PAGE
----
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  • Question

  • Hey there,

    I gave a user the server privilege dbcreator, and the database role membership dbowner to DATABASE1.

    2 issues I am having:

    1. When he creates a database, he only has public access to it himself. He can create the database successfully, but shouldn't he be the owner as well? Can he give himself access to be the owner?

    2. When restoring a database, which he can succesfully do, he loses all access to that database.

    eg: DATABASE1 is there, and he is the dbowner. He then restores DATABASE1 from production successfully to the current server, and now he cannot access that same database at all and sure enough when I look at his access he doesn't even exist anymore for that database.

    Can someone explain this to me, thanks in advance!

    Wednesday, May 16, 2012 9:29 PM

Answers

  • There are two different security points that I think you are mixing together here.  There is a database owner, which is the account that actually owns the database and then there is the db_owner role.  The database owner is set in the database level properties and isn't a security aspect.  If you create a database you are the database owner by default.  What you are describing is that you gave someone permissions to the db_owner role inside of the database but they aren't the database owner.  Database level permissions like the db_owner role are mapped to a Login SID that has a database User inside of the database.  If a database is restored all of the permissions revert to the permissions stored inside of the database when it was backed up, so if there is a Login SID mismatch with the database User, or there wasn't a database User for the Login for this person, they would lose their permissions.  You would have to goto the source system and provide them with the db_owner role there so that it is carried over as a part of the database backup, or create a stored procedure/Agent Job that can be executed by a lower privilege user, that elevates access inside of the execution only to add the database User and Role assignments back to the Login once the restore completes.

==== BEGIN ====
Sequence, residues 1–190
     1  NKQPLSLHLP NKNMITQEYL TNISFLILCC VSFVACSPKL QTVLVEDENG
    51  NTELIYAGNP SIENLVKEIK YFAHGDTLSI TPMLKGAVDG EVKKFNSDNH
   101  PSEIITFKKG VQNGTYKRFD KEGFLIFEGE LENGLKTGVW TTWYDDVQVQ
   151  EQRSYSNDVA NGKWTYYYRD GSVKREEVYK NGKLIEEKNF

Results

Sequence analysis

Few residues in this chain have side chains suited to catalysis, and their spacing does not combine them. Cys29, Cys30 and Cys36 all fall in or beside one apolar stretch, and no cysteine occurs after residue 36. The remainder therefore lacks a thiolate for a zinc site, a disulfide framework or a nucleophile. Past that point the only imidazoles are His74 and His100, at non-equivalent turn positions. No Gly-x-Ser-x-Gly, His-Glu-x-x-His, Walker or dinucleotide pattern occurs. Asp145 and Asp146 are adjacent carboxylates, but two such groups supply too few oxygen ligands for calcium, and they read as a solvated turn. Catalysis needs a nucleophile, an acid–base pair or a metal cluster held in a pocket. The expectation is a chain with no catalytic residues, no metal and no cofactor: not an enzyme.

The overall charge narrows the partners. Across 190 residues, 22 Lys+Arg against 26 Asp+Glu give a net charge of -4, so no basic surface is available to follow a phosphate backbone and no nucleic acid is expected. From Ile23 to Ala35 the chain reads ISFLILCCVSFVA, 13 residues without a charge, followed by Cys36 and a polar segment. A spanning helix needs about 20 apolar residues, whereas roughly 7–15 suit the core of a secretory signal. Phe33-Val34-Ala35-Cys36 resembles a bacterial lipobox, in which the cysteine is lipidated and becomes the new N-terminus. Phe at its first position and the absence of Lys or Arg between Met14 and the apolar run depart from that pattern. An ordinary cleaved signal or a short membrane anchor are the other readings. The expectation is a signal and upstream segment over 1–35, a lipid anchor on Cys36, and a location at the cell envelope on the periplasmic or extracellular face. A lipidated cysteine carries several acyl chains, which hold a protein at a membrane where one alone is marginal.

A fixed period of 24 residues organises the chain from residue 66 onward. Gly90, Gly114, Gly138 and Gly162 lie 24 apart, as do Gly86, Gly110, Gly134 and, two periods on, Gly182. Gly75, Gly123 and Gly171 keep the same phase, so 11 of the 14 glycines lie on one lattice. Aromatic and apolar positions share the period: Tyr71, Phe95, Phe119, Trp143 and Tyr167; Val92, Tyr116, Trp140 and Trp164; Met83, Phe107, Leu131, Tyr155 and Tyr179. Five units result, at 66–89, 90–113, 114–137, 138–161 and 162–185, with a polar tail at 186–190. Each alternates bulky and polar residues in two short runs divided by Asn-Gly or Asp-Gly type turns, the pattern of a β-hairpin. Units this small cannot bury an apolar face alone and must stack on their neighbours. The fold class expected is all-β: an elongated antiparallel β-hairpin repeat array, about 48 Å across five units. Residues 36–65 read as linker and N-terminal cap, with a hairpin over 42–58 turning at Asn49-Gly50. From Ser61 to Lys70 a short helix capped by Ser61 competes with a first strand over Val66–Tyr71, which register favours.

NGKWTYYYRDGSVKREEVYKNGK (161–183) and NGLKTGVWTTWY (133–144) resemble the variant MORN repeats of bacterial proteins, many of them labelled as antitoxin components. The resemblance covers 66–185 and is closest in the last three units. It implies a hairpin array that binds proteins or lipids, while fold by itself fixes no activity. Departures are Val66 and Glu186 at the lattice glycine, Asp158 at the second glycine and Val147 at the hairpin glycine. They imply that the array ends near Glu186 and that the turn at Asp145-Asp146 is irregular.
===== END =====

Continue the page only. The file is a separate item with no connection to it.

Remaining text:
Jonathan Kehayias | Principal Consultant, SQLSkills.com
    SQL Server MVP | Microsoft Certified Master: SQL Server 2008
    Author of Troubleshooting SQL Server: A Guide for Accidental DBAs
    Feel free to contact me through My Blog or Twitter. Become a SQLskills Insider!
    Please click the Mark as Answer button if a post solves your problem!

    • Marked as answer by gmazza88 Thursday, May 17, 2012 3:13 PM
    Wednesday, May 16, 2012 10:11 PM

All replies

  • There are two different security points that I think you are mixing together here.  There is a database owner, which is the account that actually owns the database and then there is the db_owner role.  The database owner is set in the database level properties and isn't a security aspect.  If you create a database you are the database owner by default.  What you are describing is that you gave someone permissions to the db_owner role inside of the database but they aren't the database owner.  Database level permissions like the db_owner role are mapped to a Login SID that has a database User inside of the database.  If a database is restored all of the permissions revert to the permissions stored inside of the database when it was backed up, so if there is a Login SID mismatch with the database User, or there wasn't a database User for the Login for this person, they would lose their permissions.  You would have to goto the source system and provide them with the db_owner role there so that it is carried over as a part of the database backup, or create a stored procedure/Agent Job that can be executed by a lower privilege user, that elevates access inside of the execution only to add the database User and Role assignments back to the Login once the restore completes.

    Jonathan Kehayias | Principal Consultant, SQLSkills.com
    SQL Server MVP | Microsoft Certified Master: SQL Server 2008
    Author of Troubleshooting SQL Server: A Guide for Accidental DBAs
    Feel free to contact me through My Blog or Twitter. Become a SQLskills Insider!
    Please click the Mark as Answer button if a post solves your problem!

    • Marked as answer by gmazza88 Thursday, May 17, 2012 3:13 PM
    Wednesday, May 16, 2012 10:11 PM
  • Makes great sense Jonathan, I thank you for your time!
    Thursday, May 17, 2012 3:14 PM